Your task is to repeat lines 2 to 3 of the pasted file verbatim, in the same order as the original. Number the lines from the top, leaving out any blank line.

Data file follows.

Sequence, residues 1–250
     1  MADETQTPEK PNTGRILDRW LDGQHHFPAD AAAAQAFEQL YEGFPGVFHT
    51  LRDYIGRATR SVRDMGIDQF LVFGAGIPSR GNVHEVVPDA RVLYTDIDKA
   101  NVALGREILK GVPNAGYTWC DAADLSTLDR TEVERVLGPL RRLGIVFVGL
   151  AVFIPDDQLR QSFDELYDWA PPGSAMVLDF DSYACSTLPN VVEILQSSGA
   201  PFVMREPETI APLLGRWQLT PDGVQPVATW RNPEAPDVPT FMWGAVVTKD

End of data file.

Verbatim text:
     1  MADETQTPEK PNTGRILDRW LDGQHHFPAD AAAAQAFEQL YEGFPGVFHT
    51  LRDYIGRATR SVRDMGIDQF LVFGAGIPSR GNVHEVVPDA RVLYTDIDKA